This preview shows page 1. Sign up to view the full content.
Unformatted text preview: tions discussed in this chapter are adequate to solve most such piping problems. 6.1 Reynolds-Number Regimes Now that we have derived and studied the basic flow equations in Chap. 4, you would
think that we could just whip off myriad beautiful solutions illustrating the full range
of fluid behavior, of course expressing all these educational results in dimensionless
form, using our new tool from Chap. 5, dimensional analysis.
The fact of the matter is that no general analysis of fluid motion yet exists. There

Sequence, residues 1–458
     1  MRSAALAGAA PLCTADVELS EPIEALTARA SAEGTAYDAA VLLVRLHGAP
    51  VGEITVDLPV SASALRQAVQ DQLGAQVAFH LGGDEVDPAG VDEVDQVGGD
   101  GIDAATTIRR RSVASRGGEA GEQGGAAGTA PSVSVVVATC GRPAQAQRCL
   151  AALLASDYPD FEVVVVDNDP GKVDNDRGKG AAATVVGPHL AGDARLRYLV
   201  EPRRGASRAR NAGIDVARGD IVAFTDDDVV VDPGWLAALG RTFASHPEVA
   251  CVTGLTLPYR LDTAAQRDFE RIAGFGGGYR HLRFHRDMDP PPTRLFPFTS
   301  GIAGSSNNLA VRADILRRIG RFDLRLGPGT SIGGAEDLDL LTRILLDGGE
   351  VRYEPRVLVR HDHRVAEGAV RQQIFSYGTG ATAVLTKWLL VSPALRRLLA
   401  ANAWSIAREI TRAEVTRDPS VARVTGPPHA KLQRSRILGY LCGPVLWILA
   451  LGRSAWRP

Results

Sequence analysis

are several dozen known particular solutions, there are some rather specific digitalcomputer solutions, and there are a great many experimental data. There is a lot of theory available if we neglect such important effects as viscosity and compressibility
(Chap. 8), but there is no general theory and there may never be. The reason is that a
profound and vexing change in fluid behavior occurs at moderate Reynolds numbers.
The flow ceases being smooth and steady (laminar) and becomes fluctuating and agitated (turbulent). The changeove...
View Full Document
This note was uploaded on 10/27/2009 for the course MAE 101a taught by Professor Sakar during the Spring '08 term at UCSD.
- Spring '08